'Chaotic' US Congress faces whirlwind of shutdown, impeachment, border fights

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[February 26, 2024]  By David Morgan

WASHINGTON (Reuters) - The U.S. Congress lurches into a new week of political chaos on Monday, as lawmakers struggle to avoid a partial government shutdown in just five days, while pushing for an election-year trial of President Joe Biden's top border official.

The Republican-controlled House of Representatives is also grasping for a way forward on vital U.S. aid to Ukraine, Israel and Taiwan, and plans to hear closed-door testimony from Biden's son, Hunter Biden, in an impeachment probe that has failed so far to turn up evidence of wrongdoing by the president.

Congress has been characterized by Republican brinkmanship and muddled priorities over the past year, more so since Republican presidential front-runner Donald Trump undermined a bipartisan border deal in the Senate and now wants aid to U.S. allies extended as loans.

Almost two months have passed since Republican House Speaker Mike Johnson and Democratic Senate Majority Leader Chuck Schumer agreed on a $1.59 trillion discretionary spending level for the fiscal year that began on Oct. 1.

Since then, Congress has failed to follow through with the detailed legislation that would put that agreement into effect.

"It's becoming more chaotic," said Brian Riedl, senior fellow at the right-leaning Manhattan Institute. "The longer Congress is dysfunctional, the further they fall behind on very time-sensitive, high-priority legislation."

That dysfunction has eclipsed classic partisan bickering between Republicans and Democrats, with hardliners now forming their own opposition party within Republican ranks.

Major ratings agencies say the repeated brinkmanship is taking a toll on the creditworthiness of a nation whose debt has surpassed $34 trillion.

In the latest sign of an ungovernable House Republican majority, some hardliners are threatening to oust Johnson as speaker, if the Christian conservative allows a vote on the $95 billion foreign aid bill that passed the Senate with overwhelming bipartisan support.

On another front, the White House has stepped up personal attacks on Johnson for blocking bills Biden supports.

Biden plans to meet with Schumer, Johnson and other congressional leaders on Tuesday.

FRIDAY DEADLINE

The most urgent task for Congress is averting a partial shutdown when funding runs out at midnight Friday.

Lawmakers currently do not have a plan to prevent that from happening. Schumer said on Sunday that Republicans need more time to "sort themselves out," while Johnson accused Democrats of imposing new demands.

Representative Tom Cole, a top appropriator, hopes to see as many as four packages with discretionary funding for the entire government. The House is expected to move first, though its rules mean lawmakers might not vote until Thursday the day before funds expire.

Some lawmakers worry that hardline demands for policy riders that restrict access to abortion, defund diversity programs and promote gun rights could cause further delay.

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A man uses his mobile phone near the U.S. Capitol in Washington, U.S., January 10, 2024. REUTERS/Nathan Howard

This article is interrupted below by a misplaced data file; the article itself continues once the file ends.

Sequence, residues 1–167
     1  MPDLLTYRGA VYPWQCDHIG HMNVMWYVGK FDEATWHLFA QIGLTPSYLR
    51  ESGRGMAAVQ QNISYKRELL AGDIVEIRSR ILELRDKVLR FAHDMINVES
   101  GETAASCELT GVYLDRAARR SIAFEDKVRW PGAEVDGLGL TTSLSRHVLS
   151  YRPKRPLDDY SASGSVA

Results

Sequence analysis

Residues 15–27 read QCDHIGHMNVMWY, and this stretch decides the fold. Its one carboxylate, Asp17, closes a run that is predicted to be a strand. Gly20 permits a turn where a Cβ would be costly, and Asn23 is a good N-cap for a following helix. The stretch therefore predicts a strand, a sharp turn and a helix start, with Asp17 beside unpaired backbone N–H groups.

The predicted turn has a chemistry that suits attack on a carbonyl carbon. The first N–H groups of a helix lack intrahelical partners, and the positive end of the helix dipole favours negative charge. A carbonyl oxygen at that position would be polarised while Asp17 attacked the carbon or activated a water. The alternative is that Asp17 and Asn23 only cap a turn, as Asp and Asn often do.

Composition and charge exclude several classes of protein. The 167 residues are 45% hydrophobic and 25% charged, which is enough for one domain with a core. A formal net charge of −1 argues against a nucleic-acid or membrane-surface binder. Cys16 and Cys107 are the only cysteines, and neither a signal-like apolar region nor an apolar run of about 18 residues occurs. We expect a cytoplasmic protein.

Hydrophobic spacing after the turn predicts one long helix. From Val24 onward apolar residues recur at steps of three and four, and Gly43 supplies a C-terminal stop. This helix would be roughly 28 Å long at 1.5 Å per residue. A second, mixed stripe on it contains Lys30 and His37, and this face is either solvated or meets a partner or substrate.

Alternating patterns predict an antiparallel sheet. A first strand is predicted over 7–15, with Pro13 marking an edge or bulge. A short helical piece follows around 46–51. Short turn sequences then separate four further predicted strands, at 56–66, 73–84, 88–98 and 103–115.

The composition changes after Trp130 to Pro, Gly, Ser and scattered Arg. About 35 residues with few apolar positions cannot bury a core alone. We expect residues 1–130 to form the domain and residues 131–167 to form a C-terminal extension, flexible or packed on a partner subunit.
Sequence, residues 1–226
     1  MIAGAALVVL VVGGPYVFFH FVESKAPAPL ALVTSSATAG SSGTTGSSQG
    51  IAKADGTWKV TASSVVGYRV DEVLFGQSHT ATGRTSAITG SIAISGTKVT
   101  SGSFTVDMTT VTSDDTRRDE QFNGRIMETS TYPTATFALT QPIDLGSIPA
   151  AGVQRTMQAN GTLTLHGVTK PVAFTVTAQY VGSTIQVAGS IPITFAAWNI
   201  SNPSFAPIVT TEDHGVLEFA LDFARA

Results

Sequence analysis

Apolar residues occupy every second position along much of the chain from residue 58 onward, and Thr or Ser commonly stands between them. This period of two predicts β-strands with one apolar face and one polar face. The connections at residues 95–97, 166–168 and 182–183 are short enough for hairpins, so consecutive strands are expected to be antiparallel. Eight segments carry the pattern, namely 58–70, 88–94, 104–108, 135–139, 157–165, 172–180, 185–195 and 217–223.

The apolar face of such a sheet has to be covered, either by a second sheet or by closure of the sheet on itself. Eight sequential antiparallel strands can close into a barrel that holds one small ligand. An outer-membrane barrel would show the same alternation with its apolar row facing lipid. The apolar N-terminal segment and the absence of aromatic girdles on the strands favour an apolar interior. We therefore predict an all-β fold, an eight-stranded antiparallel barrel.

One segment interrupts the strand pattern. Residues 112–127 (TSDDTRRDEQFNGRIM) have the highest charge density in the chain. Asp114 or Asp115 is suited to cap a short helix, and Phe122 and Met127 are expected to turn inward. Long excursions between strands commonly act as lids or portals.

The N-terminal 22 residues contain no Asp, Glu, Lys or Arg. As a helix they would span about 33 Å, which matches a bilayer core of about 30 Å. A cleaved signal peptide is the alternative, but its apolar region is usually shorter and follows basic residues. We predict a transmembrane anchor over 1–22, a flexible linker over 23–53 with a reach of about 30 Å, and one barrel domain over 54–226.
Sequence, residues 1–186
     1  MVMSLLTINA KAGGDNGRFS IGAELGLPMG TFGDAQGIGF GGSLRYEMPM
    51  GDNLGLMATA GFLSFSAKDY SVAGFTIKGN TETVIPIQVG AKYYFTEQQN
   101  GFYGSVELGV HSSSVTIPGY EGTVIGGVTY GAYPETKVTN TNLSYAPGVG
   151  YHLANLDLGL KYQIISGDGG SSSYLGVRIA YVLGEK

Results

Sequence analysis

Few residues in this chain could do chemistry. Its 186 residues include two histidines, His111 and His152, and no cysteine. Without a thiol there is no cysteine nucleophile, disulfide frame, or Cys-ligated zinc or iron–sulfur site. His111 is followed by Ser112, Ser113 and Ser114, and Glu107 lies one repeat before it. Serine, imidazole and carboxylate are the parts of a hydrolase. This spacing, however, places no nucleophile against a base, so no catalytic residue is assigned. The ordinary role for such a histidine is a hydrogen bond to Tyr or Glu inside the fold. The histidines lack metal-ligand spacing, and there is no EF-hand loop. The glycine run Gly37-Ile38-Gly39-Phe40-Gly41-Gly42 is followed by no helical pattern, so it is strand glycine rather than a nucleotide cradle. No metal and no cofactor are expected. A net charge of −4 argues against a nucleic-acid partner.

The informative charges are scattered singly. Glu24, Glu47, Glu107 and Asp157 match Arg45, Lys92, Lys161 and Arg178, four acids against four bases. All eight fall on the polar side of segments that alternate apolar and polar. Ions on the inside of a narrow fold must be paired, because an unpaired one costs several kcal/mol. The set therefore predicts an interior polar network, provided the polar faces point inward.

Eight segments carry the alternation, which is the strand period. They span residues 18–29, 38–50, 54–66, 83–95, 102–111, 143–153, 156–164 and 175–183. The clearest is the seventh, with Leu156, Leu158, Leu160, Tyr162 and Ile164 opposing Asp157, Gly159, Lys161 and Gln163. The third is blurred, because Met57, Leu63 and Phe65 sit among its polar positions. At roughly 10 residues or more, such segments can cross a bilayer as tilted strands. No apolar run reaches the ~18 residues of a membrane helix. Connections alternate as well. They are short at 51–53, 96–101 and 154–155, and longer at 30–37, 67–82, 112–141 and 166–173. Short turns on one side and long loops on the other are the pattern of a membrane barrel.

But Representative Mike Simpson, a senior Republican appropriator, said Congress can steer clear of a shutdown.

"We cannot let unrealistic policy expectations get in the way of effective governing. We must get these bills across the finish line," Simpson said in a statement.

IMPEACHMENT TIMING UNCLEAR

Further complicating the path forward, senators are due to be sworn in as jurors for the trial of U.S. Homeland Security Secretary Alejandro Mayorkas, who the House impeached along partisan lines on Feb. 13 on charges that he has failed to enforce immigration law and made false statements to Congress.

But a Senate trial cannot begin until the House delivers the articles of impeachment, and sources said the two chambers have not yet agreed on a delivery date.

To avert a shutdown, Schumer may need unanimous consent from senators, including raucous Republican hardliners, if the chamber is to act on appropriations before the Friday deadline.

"It's going to be difficult to get it done on time," said Senator John Boozman, a senior Republican appropriator. "Hopefully, we won't have a government shutdown. But if we do, just a few days as we're working in good faith to get it passed, that really wouldn't mean much."

The absence of time has led to speculation that lawmakers could opt for a short-term stopgap measure to keep federal agencies open while Congress acts.

Johnson and other Republicans oppose a short-term stopgap, known as a continuing resolution or CR. But circumstances may have the last say.

"If it's an option between a three-day shutdown and a three-day CR, I'd do the CR," said Representative Don Bacon, who would otherwise reject another stopgap.

The House Freedom Caucus has instead urged Johnson to pass a continuing resolution for the remainder of 2024 that would trigger a 1% across-the-board spending cut under a 2023 deal between Biden and Johnson's predecessor, Kevin McCarthy.

Republican Senator Rick Scott, a staunch conservative, favors the same approach, but with U.S. aid to Israel included, along with a full-year defense appropriations bill to protect the Pentagon from spending cuts.

Representative Kelly Armstrong thinks most lawmakers will support the emerging appropriations legislation and avoid a shutdown. But he also sounded a note of skepticism.

"It's 2024, and it's Congress, so we'll see," the North Dakota Republican said. "I've been through enough of this to know that until the ink is dry, I can't guarantee anything."

(Reporting by David Morgan; Additional reporting by Andy Sullivan; Editing by Scott Malone)

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